Critics’ Picks

Leila Alaoui, Chefchaoun, Nord du Maroc (Chefchaoun, North of Morocco), 2010, digital photo on Baryte paper, 59 x 39”.

Leila Alaoui, Chefchaoun, Nord du Maroc (Chefchaoun, North of Morocco), 2010, digital photo on Baryte paper, 59 x 39”.

Paris

Leila Alaoui

Maison Européenne de la Photographie
5/7 rue de Fourcy
November 12, 2015–January 17, 2016

In 1978, philosopher Edward Said published Orientalism, an analysis of the West’s distorted representation of the Orient and its inhabitants as a tactic used to assert its dominion over that part of the world. To this day, the book’s core ideas percolate through much of the art produced in the Middle East and North Africa in the postcolonial era. Oscillating between fine art and documentary photography, Leila Alaoui’s “The Moroccans,” 2010–, is an ongoing project that seeks, from her vantage point as a native Moroccan portraying her compatriots, to rebuke the orientalist discourse.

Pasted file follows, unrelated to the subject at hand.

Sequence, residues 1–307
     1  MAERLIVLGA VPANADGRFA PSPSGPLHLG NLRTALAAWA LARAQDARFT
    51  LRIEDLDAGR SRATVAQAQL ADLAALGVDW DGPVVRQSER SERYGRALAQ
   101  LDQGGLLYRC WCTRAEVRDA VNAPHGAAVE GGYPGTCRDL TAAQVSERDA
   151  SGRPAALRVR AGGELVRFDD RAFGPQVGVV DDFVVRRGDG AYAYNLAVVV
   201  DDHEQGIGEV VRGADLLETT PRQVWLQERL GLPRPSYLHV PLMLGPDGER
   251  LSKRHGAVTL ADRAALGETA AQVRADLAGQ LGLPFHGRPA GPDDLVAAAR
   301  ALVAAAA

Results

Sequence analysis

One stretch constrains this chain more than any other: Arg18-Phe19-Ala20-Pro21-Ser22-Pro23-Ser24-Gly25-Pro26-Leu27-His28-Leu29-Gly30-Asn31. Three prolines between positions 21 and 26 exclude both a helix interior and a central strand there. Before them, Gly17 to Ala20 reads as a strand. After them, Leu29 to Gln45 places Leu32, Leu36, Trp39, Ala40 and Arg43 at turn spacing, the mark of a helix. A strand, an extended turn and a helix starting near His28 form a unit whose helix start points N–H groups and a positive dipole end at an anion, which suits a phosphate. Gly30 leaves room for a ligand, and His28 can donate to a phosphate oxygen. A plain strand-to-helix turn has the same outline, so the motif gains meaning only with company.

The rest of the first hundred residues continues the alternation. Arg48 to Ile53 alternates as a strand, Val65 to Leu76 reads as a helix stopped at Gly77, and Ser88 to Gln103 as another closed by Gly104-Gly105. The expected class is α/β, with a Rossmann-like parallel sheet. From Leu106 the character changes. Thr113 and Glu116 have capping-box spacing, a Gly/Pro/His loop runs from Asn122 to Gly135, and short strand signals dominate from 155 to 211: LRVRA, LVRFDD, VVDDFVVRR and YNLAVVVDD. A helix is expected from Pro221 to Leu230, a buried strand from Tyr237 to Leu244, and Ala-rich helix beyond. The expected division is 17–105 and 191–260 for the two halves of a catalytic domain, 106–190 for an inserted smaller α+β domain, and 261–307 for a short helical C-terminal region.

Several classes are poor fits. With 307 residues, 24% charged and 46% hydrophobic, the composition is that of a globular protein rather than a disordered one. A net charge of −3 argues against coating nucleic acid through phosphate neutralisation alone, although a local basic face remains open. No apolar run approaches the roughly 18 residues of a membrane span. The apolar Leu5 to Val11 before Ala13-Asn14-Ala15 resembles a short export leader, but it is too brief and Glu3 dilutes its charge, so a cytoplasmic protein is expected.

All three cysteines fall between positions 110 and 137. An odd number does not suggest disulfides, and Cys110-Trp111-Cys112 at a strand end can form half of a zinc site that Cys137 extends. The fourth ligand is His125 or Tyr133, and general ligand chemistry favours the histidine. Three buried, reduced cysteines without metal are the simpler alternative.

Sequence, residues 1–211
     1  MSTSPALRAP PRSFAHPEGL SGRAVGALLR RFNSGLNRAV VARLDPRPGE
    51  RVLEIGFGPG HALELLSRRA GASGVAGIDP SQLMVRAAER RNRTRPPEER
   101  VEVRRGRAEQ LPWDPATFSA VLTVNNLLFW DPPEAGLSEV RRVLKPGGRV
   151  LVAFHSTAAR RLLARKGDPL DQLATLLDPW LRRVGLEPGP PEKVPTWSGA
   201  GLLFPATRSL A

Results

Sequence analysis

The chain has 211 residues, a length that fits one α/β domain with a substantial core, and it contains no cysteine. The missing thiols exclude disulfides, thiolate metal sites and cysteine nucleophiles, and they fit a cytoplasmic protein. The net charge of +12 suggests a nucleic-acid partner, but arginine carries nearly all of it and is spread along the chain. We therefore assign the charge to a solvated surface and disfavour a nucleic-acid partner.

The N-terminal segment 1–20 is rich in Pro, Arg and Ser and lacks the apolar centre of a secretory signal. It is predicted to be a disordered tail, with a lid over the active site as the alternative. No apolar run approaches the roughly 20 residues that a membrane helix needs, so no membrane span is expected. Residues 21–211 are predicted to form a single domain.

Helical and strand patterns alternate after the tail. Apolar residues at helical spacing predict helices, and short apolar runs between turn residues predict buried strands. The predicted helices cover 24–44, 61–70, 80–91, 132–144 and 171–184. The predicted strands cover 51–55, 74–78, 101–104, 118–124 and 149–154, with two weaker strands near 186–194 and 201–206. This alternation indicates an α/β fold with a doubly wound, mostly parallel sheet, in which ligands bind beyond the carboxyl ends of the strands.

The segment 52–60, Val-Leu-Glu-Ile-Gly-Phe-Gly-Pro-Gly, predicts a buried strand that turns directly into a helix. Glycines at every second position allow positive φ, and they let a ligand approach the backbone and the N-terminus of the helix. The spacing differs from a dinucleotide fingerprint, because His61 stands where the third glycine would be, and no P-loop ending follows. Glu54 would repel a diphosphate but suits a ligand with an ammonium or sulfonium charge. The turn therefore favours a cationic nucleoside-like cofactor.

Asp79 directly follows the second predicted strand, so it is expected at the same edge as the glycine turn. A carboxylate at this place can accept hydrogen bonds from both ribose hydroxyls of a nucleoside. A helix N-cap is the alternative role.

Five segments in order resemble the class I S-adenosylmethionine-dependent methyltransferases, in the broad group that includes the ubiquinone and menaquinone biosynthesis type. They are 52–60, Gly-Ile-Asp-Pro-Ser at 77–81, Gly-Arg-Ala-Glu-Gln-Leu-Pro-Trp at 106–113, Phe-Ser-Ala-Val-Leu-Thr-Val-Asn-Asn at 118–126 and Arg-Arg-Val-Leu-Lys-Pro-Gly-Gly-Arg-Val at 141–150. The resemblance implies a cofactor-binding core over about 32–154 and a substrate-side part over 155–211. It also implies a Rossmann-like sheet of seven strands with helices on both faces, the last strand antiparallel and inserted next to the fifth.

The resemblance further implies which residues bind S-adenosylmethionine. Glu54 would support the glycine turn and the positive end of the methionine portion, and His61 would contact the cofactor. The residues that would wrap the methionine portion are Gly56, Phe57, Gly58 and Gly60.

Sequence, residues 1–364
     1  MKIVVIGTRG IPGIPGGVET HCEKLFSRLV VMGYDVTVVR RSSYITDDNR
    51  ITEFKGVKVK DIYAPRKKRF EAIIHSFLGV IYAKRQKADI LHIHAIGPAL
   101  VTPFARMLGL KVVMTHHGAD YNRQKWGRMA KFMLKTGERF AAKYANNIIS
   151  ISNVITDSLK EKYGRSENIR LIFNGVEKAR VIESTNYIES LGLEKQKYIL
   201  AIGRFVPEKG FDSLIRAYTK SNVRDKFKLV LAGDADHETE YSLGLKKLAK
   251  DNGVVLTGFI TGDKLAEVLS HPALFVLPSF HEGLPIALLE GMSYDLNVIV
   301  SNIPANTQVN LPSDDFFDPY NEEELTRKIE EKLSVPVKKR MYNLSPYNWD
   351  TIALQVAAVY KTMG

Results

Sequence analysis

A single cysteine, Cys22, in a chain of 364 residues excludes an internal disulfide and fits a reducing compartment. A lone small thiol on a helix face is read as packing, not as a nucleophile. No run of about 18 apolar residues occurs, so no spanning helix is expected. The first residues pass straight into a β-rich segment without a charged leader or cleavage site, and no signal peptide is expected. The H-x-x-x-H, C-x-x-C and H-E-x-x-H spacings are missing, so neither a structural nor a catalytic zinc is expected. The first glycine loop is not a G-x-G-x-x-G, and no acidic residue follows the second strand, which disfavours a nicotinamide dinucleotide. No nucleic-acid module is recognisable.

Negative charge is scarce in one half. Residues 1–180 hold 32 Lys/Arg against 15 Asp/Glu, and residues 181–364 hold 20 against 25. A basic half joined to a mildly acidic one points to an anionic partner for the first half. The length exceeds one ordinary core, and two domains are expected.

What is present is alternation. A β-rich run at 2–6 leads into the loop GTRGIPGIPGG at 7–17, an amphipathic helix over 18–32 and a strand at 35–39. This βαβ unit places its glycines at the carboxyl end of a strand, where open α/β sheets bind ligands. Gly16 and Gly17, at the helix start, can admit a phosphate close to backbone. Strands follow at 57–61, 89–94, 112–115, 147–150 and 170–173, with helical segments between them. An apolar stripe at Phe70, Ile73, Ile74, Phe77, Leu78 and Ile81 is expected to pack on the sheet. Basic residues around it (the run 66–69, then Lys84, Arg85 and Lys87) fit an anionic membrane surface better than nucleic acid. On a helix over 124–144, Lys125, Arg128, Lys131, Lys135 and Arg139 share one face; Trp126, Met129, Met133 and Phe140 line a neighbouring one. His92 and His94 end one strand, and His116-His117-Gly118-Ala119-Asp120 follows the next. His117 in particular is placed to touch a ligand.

Inspired by Robert Frank’s The Americans (1958), and using an aesthetic akin to Richard Avedon’s, the artist journeyed across rural Morocco with a portable studio to photograph Berber and Arab men and women. Printed at a nearly life-size scale, the images lack spatial context, forcing the viewer into an intense vis-à-vis with the subjects standing against a black background.

In the photograph titled Chefchaoun, Nord du Maroc (Chefchaoun, North of Morocco), a woman with bronze-colored skin, draped in lilac, burgundy, green, and white fabrics, creates a buoyant color symphony while looking at the camera, her gaze powerful yet serene. In all these works, one detects a certain defiance in the eyes of Alaoui’s subjects. They do not seek approval, nor do they exude any aggressiveness. They are proud, noble. And in the face of those who have relentlessly labeled them with countless derogatory terms, they stand as witnesses to a culture that continues to survive, despite decades of “exoticism” poisoning its narrative.